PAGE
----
“I come from such a small place where there really wasn’t any live music. There weren’t even really record stores or places you could buy music and I didn’t have TV. It was a pretty isolated upbringing, like kind of moving to the city and starting to study jazz was a real kind of kick in the gut in some ways, just in terms of it being competitive and there being a lot of kids who had a lot of skills that I didn’t have starting out and I really was coming there with no musical training whatsoever. And obviously, I like enjoyed studying music and enjoyed getting my degree and met a lot of wonderful people, but the kind of competitive nature was really something I didn’t know how to navigate. And so I certainly wasn’t creating at that point. I was performing doing interpretive stuff and had a good time, but ultimately it really had taken a toll on my ability to trust myself, to be able to create music. And then I ended up just burning out on doing music in general and then turned towards farming and have been farming for the last six or seven years, I guess and had really gone towards farming wanting to very consciously move away from the creative world. I was like, I can’t navigate this. This is something I know because I grew up on a farm. I went into farming, really wanting to get away from creativity. But in the end, after a couple of years of running my own farm, it became very clear to me that the things that I love about farming – and I’m going to continue to farm through doing my music now, for sure – the things that I really love about farming, the things that draw me to it, I think are inherently creative things as well. Just creating a beautiful landscape out of nothing, growing these beautiful vegetables, giving them to people. I know it’s not the case for all farmers, but for me, through farming I was able to really nurture my desire to be creating and on account of my growing vegetables, being very much a seasonal thing that leaves me my winters, I was inspired enough to then use my winters to go back to music and to start writing and to record this album. So they kind of go hand in hand.”

In February 2021, Shaina brought a small team of Montreal-based artists to Shigawake to arrange and record to coax a waltz. The team comprised of Shaina (vocalist/guitarist), recording engineer and drummer, Francis Ledoux (drummer for Helena DelandzouzJesse Mac Cormack), guitarist, and David Marchand (guitarist/vocalist for zouzMon Doux SaigneurAlex BurgerLaurence Anne).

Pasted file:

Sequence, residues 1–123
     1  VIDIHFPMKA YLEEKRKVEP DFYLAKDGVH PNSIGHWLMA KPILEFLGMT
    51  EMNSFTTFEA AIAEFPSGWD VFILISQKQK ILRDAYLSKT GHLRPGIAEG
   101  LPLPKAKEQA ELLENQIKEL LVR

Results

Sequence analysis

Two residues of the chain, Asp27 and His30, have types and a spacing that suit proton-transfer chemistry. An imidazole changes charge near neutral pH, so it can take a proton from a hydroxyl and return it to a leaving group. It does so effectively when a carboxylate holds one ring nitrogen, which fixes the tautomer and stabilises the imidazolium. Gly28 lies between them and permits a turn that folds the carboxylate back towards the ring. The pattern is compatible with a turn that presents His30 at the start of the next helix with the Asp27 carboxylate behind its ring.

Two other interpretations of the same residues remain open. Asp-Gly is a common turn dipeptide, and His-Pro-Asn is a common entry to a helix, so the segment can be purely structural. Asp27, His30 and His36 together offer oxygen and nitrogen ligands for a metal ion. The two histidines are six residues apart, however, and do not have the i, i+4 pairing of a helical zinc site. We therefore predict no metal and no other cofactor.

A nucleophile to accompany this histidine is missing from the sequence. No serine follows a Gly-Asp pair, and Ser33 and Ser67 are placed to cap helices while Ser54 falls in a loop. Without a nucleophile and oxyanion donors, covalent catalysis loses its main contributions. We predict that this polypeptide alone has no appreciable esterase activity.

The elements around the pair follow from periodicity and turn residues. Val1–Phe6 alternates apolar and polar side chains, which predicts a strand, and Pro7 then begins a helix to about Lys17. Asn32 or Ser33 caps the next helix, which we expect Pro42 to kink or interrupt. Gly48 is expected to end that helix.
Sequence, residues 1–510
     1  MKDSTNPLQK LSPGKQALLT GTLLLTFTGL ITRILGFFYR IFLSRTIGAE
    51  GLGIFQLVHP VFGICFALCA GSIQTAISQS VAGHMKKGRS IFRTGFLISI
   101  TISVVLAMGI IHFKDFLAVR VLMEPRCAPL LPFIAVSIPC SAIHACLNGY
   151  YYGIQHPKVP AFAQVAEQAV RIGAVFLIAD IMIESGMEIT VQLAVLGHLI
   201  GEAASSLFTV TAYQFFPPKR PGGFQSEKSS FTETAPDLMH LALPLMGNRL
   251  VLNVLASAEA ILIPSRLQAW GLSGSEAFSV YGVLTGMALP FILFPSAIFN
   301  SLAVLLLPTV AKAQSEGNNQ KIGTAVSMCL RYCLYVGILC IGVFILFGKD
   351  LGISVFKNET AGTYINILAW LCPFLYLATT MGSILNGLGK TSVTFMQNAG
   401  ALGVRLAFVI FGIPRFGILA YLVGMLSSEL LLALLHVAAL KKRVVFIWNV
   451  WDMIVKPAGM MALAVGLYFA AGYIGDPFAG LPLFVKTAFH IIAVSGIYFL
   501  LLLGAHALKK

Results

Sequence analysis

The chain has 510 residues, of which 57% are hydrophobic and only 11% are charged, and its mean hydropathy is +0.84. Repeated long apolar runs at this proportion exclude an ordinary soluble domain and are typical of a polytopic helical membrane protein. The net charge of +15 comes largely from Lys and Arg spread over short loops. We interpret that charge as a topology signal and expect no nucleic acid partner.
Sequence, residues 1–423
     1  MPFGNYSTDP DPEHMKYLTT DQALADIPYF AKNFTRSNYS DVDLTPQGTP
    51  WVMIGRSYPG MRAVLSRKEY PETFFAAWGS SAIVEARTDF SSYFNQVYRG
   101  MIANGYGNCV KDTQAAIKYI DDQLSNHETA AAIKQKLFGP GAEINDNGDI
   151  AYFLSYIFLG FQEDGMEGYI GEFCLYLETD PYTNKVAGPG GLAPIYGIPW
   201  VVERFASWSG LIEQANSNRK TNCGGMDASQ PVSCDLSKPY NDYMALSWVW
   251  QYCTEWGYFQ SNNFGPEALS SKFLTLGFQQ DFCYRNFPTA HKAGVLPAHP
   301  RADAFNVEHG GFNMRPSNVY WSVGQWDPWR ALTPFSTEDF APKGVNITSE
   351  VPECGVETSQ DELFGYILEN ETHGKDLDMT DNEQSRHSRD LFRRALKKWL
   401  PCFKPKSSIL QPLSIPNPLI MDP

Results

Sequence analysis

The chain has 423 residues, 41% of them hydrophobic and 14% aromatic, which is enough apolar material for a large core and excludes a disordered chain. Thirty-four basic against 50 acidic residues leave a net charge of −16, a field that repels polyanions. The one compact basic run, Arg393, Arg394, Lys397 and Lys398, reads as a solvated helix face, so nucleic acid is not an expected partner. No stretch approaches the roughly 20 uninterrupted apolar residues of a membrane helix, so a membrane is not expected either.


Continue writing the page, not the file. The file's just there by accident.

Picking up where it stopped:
Recently Shaina shared a beautifully filmed live session featuring three songs from the record.

“It’s just myself and David Marchand playing and Francis who had recorded it, he did the audio, and this incredible videographer Marc-André Dupaull filmed it and he is a genius. I was so happy to work with him. I don’t know if you’ve seen the live session yet, but it’s incredible. I won’t spoil it, but the first video is one shot, him, camera, live and it’s cool. It’s one sequence. And he captured some really great stuff.”

Watch the live session below:

Despite growing up in a remote environment, Shaina Hayes tells her parents listened to a lot of music. They bought mail-order CDs. “My first one was Shania Twain, obviously,” she says, “but it was a lot of kind of classic stuff, lots of Fleetwood Mac, lots of the Beatles. My family really loved David Francey.” But Shaina also has a connection to another much-loved Montreal band.

“The Barr Brothers are family members of mine. So my sister’s married to Andrew from the Barr Brothers. They’ve been in my family for a long time, so definitely I’ve been exposed to that kind of side of things. And it definitely inspired me to study music because a lot of them had studied music in Montreal so it exposed me to that being an option for me.”

You can catch Shaina at URSA in Montreal on May 25th. TICKETS HERE

Watch the full interview below:

to coax a waltz is out now